Allow me to don my nerd hat for a moment–oh, who am I kidding? This entire endeavor is like a nerd flight suit. Anyway, I used to be a debater, and by used to, I mean I still am, I just don’t get scored on my arguments anymore.
In high school, I did parliamentary debate and forensics, and was recruited to my undergraduate’s forensics team based on that experience. It was a program I’d stay in for the next four years, and the only reason I didn’t carry it forward into grad school was because a) my uni didn’t seem to have forensics; and b) philosophy is basically a degree in debating. Or arguing. Debate-arguing.
Suffice to say I still have an abiding love for parli. It’s a lot of fun. You get wacky resolutions like, “Resolved: My Life Would Suck Without You,” or “Resolved: Hulk Smash!” Sometimes you get ones with a more serious bent, but the real joy of it was taking these sentences and drawing completely different arguments out of them. So, for “Resolved: My Life Would Suck Without You,” you might construct an argument about the benefits of increased trade between NAFTA countries. Or for “Hulk Smash!” you could argue that nuclear deterrence mechanisms only elevated global nuclear threat further. (You could also argue that killing flies was a moral evil. It depends on how fanciful you are as a debater.)
I bring this up because of the amusing debate about debating in Slate this week between Michael Horowitz and Mark Oppenheimer. The debate–aside from Slate’s general wry in-joke sensibilities on such things–originates with Oppenheimer’s recent book Wisenheimer, about his experiences as a child debater.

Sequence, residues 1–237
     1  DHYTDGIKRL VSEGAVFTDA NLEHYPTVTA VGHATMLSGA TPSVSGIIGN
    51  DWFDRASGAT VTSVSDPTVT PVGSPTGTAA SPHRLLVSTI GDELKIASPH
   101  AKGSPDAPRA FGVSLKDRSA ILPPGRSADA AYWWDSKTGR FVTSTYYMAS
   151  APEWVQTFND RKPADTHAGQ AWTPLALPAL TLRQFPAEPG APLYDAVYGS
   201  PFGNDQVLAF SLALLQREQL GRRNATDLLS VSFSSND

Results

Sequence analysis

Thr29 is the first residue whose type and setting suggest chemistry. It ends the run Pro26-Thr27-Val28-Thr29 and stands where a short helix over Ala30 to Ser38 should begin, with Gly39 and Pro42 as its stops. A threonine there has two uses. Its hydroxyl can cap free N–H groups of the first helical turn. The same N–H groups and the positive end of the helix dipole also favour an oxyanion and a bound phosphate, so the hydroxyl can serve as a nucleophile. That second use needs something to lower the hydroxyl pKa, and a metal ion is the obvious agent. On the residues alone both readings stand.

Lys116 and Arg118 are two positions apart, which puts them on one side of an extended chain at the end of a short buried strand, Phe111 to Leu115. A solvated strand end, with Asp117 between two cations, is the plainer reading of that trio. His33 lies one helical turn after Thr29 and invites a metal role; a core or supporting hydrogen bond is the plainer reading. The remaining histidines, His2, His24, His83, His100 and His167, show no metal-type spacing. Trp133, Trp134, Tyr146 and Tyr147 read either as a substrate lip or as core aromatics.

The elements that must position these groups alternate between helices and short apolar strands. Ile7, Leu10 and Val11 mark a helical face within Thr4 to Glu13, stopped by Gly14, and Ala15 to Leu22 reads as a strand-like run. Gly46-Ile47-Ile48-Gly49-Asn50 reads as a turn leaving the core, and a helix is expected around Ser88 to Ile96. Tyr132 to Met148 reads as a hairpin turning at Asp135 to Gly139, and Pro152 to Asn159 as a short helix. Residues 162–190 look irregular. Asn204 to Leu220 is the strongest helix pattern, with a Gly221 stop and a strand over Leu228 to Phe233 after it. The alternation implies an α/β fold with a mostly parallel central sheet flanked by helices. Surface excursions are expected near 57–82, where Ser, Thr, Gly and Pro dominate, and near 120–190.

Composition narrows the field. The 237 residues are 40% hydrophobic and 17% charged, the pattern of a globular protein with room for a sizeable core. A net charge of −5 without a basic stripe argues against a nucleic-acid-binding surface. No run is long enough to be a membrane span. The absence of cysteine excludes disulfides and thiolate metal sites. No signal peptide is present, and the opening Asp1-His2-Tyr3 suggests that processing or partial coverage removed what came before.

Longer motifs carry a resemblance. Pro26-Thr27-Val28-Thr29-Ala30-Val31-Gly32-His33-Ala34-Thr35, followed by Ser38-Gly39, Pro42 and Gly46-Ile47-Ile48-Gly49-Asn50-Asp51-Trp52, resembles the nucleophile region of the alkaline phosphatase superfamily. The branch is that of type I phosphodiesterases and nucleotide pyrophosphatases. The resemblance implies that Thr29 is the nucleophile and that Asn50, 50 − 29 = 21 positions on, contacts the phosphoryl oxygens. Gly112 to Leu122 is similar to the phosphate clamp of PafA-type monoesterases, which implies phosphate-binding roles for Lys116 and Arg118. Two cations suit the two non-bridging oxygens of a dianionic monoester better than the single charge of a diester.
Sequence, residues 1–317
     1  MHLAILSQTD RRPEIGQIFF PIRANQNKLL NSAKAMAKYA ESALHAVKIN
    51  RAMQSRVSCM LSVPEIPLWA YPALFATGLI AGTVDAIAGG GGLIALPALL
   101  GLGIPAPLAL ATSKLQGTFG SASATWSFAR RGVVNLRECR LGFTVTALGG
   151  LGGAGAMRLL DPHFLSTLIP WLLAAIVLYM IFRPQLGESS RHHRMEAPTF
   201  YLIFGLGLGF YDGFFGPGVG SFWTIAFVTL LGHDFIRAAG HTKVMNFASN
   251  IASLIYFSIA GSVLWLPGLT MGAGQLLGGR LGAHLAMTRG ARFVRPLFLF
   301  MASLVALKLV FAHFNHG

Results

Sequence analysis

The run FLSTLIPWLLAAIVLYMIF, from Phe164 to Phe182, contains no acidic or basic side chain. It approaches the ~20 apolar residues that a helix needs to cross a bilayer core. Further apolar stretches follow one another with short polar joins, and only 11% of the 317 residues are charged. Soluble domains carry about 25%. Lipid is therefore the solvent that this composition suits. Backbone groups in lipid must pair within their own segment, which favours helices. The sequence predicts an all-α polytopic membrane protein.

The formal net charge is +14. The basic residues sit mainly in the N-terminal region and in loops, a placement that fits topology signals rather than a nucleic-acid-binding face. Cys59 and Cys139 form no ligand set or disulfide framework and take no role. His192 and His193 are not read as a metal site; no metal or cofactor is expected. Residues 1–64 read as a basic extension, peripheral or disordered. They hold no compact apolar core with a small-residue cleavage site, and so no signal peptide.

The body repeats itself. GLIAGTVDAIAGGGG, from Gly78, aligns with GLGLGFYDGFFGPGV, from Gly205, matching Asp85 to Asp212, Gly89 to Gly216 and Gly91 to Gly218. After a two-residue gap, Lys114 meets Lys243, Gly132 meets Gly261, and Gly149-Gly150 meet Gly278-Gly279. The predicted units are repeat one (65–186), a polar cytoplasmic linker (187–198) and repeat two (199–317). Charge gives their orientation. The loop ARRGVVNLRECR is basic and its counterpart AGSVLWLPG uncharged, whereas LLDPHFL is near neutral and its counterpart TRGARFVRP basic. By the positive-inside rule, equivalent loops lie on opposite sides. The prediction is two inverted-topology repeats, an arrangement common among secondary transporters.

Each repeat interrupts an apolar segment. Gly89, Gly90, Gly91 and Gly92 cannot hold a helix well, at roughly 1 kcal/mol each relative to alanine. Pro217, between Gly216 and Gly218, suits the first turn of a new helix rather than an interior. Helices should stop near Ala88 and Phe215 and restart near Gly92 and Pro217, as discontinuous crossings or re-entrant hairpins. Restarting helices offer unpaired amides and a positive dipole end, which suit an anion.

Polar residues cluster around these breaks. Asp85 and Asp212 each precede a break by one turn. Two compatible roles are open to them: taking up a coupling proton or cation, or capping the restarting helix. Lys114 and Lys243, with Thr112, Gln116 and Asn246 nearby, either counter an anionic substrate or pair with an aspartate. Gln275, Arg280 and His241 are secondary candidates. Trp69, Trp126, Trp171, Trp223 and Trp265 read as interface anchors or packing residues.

The debate about debating quickly devolves into point scoring about whether policy or parliamentary debate is a better sport (clearly it is parli; wit wins out) but in the exchange they share their experience as young debaters in either field, showcasing the way they difference. And Horowitz says:
I think you hit the nail on the head when you describe debate as a sport. If Washington, D.C., is “Hollywood for ugly people,” then debate is “football for dorks.” (Note the great number of debaters who have become successful inside the Beltway.) Debate was your most important extracurricular activity and helped define your identity, the way sports do for jocks.
I suspect that’s true. (Chime in, Beltway word jockeys.) There are skills that debate teaches you that I haven’t found paralleled in other academic sports. And at least in parliamentary debate, thinking on your feet combined with a facility for verbosity is an essential and incredibly useful skill to have, both on the house floor and off. Policy debate is a crash course in research and organization knowledge; but on the whole I found it too dry. Parli, though. Substitute “bullshit artist” and you’re on the nose, and that is a skill you can take all the way to the bank.